Dis-entanglement Simulators

     In 1999 21 of the 112 deaths (18%) of the deaths were due to entrapment.   This wasthe second leading cause of fatal injuries to firefighters.   “The increased number offirefighter fatalities in 1999 and the diverse circumstances of...



    What if your needs are for a permanent simulator.  Well those are not difficult either.  Just take a look at the simulator used at Massachusetts Firefighting Academy.  It is designed to be stored up against the wall.  During specific exercises the instructor can easily lower it to the floor and you now have changed the scenario instantly.  The simulator is nothing more than a frame with a legs on one side and the other side secured to the wall on hinges to facilitate the movement from stored to being in active use. Again this simulator can be utilized at the three difficulty levels mentioned earlier.

Training with the Simulator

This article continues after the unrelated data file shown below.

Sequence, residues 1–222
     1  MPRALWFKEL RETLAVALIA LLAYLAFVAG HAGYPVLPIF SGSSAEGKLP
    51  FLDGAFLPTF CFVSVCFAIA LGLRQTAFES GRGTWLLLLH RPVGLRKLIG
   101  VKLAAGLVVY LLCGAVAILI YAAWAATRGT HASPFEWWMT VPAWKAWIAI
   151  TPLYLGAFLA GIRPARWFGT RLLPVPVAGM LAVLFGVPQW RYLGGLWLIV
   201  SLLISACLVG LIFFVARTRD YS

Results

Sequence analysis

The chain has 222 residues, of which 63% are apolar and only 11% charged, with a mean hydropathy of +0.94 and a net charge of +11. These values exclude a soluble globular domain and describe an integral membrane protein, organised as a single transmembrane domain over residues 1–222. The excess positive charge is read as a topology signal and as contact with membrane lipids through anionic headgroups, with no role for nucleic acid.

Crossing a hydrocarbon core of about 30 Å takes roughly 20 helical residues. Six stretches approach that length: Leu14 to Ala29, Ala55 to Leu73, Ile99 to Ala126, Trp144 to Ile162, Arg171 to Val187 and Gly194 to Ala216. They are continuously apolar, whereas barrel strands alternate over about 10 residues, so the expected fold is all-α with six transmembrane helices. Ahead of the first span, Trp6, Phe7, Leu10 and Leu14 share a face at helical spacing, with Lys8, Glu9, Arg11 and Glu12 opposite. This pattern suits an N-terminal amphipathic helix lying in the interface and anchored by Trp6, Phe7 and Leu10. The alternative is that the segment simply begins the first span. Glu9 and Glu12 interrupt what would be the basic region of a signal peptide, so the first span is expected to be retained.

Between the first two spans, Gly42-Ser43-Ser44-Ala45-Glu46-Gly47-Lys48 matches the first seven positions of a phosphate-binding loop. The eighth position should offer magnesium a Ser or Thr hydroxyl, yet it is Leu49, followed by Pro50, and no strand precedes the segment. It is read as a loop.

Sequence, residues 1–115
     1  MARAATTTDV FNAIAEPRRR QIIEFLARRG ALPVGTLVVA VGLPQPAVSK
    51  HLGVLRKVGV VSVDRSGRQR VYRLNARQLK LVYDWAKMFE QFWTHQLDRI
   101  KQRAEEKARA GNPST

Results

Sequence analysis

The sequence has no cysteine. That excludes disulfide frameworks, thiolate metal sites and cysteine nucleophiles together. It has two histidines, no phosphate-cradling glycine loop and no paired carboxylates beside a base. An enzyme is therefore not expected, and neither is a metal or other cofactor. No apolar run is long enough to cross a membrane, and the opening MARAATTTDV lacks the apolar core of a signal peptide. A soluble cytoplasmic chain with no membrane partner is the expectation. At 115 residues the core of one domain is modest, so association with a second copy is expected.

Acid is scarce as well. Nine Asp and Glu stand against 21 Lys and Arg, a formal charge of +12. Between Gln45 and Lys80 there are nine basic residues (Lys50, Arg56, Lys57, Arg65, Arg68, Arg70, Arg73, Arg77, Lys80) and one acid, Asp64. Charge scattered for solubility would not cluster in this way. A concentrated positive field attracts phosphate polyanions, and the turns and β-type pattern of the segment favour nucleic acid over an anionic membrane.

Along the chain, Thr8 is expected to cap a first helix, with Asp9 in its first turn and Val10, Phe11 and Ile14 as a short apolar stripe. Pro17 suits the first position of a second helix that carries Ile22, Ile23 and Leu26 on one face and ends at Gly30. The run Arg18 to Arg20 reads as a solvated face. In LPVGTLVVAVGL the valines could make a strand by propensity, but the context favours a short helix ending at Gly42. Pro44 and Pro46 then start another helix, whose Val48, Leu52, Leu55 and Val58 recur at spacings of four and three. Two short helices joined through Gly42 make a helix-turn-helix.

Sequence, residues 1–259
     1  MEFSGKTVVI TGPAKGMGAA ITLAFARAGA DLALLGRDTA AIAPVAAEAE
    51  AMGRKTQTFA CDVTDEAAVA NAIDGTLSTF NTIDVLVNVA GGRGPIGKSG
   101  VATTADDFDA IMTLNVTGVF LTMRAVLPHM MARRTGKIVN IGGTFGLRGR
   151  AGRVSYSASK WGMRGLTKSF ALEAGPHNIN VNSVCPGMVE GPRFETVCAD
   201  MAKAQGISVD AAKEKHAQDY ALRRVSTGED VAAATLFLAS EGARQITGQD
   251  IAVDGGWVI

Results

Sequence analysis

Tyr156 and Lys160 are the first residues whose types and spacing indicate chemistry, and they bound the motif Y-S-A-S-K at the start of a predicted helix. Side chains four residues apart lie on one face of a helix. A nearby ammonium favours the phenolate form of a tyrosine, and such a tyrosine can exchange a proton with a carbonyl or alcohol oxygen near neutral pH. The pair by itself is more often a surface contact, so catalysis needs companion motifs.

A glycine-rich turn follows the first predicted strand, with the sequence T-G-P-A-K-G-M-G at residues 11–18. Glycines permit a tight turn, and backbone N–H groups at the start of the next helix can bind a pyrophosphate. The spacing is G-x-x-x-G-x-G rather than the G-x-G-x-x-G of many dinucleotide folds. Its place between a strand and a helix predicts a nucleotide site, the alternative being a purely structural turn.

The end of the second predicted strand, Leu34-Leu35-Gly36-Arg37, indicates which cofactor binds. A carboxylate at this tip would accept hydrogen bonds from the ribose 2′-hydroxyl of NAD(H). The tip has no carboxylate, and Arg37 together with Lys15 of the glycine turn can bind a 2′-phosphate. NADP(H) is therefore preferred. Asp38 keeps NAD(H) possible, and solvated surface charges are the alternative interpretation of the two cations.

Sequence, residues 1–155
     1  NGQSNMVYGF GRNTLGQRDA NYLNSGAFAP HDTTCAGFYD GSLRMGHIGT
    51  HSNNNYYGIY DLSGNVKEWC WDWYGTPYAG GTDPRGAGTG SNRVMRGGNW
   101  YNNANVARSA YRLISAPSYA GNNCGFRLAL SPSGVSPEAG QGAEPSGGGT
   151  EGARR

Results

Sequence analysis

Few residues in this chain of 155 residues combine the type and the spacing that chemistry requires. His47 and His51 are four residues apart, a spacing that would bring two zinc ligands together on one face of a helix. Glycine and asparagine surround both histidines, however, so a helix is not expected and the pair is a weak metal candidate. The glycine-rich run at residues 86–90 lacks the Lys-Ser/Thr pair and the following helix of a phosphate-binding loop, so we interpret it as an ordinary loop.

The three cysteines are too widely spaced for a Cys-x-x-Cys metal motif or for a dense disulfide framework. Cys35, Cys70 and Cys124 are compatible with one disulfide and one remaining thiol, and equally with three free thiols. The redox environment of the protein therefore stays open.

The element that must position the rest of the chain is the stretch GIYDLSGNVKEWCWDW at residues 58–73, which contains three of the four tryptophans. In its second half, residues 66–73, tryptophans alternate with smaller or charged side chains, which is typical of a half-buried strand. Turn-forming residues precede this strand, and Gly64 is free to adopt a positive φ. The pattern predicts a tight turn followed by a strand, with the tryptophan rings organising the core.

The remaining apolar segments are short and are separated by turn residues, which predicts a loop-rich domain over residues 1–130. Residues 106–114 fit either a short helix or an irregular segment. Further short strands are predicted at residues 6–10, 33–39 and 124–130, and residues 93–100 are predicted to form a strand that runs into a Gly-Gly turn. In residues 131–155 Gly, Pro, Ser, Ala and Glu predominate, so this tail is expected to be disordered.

The object of this is not to have the student cut their way through, but to have them attempt to get through without becoming tangle.  One area that has been reciprocated time and time again in evaluating firefighters is the ability to know and work with their Personal Protective Equipment (PPE).  If the student becomes tangled in the simulator they should manipulate their PPE.  The most come piece of PPE that becomes tangled on wires is the SCBA.  The firefighter should remove or doff the SCBA and untangle the entrapment hazard and move to safety.  Once at a safe location, free of entanglement hazards, the Firefighter will then don the SCBA.  This exercise can be administered in 3 levels of difficulty.  The low difficulty level is in a lighted atmosphere without any visual imparities.  Moderate Level is done with visual impairments such as darkness or non-toxic training smoke.  The Hardest level we add the external factor of heat to the moderate level.  A kerosene torpedo heater in area can raise the temperature considerably to simulate the effects of fire without the extreme risks or the toxic smoke.

     Students should always begin at the lowest levels and work up.  The mastery of self-survival skills is imperative to the survival of firefighters.